Preconditions remain in effect for Boeing 737 MAX to return to China market
Published: Aug 05, 2021 07:49 PM
Boeing 737 Max airplanes sit parked at the company's production facility on November 18, 2020 in Renton, Washington. Photo: VCG

Boeing 737 Max airplanes sit parked at the company's production facility on November 18, 2020 in Renton, Washington. Photo: VCG

The three mandatory prerequisites China has set for Boeing's 737 MAX to be back in service in the country will remain in effect, aviation industry watchers said on Thursday, following reports of a 737 MAX test jet heading to China.

There's still a way off for the flight ban to be lifted in China, the first to ground the narrow-body airliner in the aftermath of two MAX crashes in the world, they said.

A 737 Max test plane departed for China on Wednesday as part of Boeing's efforts to return to the Chinese market, according to Reuters, which cited unidentified sources.

"Boeing and China regulators have scheduled re-certification flights and testing in the coming days," Reuters reported. 

The plane is due to arrive at Shanghai Pudong International Airport on Saturday, ahead of a simulator test on Sunday and an initial flight test in China on August 11 if all goes as planned, the report said.

So far, it seems that Boeing has finished with the accident investigation while proposed modifications to the aircraft that are needed to prove effective are coming across as most troublesome, Wang Yanan, chief editor of Beijing-based Aerospace Knowledge magazine, told the Global Times on Thursday.

The modification effort will involve not only the required documentation but also the actual test flights, which mean either Chinese officials going to the US or the flights being conducted in China, according to Wang. 

The testing, if confirmed, would be a significant move toward lifting the ban by China's regulators.

Such test flights are not technically complex, but they will require negotiating efforts from both China and the US, as it concerns the selection of the arrival airport, especially factoring in the current strict anti-coronavirus requirements, Wang said.

Such test flights might continue for three to six months, while the flight evaluation and the test report writing and the approval of the results from both China and the US would be a lengthy process, he continued.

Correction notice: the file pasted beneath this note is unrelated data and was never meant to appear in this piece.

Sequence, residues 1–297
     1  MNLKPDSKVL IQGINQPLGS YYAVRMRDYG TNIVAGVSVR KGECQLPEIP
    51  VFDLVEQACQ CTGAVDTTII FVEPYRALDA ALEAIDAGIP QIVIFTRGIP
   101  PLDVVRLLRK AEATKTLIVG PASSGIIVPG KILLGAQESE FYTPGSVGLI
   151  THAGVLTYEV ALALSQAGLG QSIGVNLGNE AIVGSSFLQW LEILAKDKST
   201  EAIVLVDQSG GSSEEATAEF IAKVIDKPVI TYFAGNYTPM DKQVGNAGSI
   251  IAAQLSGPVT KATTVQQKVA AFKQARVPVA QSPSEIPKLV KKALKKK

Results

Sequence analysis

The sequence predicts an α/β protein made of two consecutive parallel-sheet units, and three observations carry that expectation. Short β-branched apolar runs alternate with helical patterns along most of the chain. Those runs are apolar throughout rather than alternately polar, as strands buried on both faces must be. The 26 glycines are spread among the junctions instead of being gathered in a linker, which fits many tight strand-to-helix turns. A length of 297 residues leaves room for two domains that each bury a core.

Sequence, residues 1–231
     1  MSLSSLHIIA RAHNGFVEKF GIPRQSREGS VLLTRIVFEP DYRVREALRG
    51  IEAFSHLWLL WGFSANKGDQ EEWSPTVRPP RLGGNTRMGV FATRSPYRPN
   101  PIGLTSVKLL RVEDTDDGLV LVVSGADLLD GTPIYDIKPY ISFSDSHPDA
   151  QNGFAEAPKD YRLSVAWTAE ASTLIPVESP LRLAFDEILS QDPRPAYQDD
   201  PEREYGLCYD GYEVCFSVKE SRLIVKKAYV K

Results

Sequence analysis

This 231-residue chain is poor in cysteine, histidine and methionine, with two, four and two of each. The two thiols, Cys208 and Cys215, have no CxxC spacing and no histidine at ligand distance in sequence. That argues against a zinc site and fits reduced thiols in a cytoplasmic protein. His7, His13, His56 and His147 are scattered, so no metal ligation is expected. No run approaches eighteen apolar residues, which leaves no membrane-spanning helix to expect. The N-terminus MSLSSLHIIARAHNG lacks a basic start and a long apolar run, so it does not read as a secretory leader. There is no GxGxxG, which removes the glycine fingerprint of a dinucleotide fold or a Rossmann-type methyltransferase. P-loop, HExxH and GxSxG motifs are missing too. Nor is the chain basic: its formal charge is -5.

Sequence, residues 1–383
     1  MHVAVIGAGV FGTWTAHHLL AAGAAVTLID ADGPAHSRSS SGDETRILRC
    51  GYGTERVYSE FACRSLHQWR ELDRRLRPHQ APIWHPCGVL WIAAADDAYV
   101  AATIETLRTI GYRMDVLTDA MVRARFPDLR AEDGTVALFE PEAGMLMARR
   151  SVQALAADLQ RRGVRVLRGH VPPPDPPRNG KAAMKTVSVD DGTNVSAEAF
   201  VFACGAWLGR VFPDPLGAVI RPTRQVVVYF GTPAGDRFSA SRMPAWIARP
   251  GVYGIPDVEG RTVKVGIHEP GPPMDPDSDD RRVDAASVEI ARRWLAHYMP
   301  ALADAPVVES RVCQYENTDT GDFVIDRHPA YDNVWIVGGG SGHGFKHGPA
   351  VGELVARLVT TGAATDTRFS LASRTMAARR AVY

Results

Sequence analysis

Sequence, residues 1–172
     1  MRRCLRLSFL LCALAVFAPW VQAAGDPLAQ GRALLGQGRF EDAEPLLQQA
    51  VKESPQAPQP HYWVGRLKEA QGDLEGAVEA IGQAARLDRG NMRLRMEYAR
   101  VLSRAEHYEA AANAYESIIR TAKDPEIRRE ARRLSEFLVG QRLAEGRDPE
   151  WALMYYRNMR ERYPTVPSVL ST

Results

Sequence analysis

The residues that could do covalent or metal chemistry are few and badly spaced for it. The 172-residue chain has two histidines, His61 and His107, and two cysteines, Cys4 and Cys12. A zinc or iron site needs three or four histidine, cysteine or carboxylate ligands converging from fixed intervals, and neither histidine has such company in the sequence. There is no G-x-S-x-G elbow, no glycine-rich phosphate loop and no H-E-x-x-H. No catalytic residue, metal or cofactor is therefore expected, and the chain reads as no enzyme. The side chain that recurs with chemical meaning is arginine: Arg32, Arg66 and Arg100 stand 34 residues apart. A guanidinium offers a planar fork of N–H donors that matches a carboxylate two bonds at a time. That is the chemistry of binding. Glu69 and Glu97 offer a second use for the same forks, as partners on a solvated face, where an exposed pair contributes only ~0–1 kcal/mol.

Progress on the re-certification test flights won't automatically be translated into the lifting of the flight ban, analysts said, pointing to the three mandatory requirements as the conditions for a comeback of the aircraft in China.

"China's civil aviation authorities always uphold three principles: First, aircraft alteration must be approved for airworthiness. Second, pilots must be fully and effectively retrained. Third, the conclusion of the investigation of the two fatal accidents must be clear and the improvement measures effective," Chinese Foreign Ministry Spokesperson Zhao Lijian said at a press conference in mid-June.

Only when the plane manufacturer fulfills such prerequisites, will the country consider allowing it to fly again, Lin Zhijie, a market watcher, told the Global Times on Thursday.

China will also verify the qualification of the testing based on the flights and modifications having been made, said Wang.

As for pilot retraining, Boeing can have it done simultaneously when it makes headway to prove its aircraft is airworthy, Wang said. 

"Boeing continues to work with global regulators as they complete their validation processes in order to better understand enhancements to the airplane. We refer you to the appropriate regulator for any details," the US plane-maker said in a statement sent to the Global Times on Thursday.

The Civil Aviation Administration of China didn't reply to a request for comment as of press time.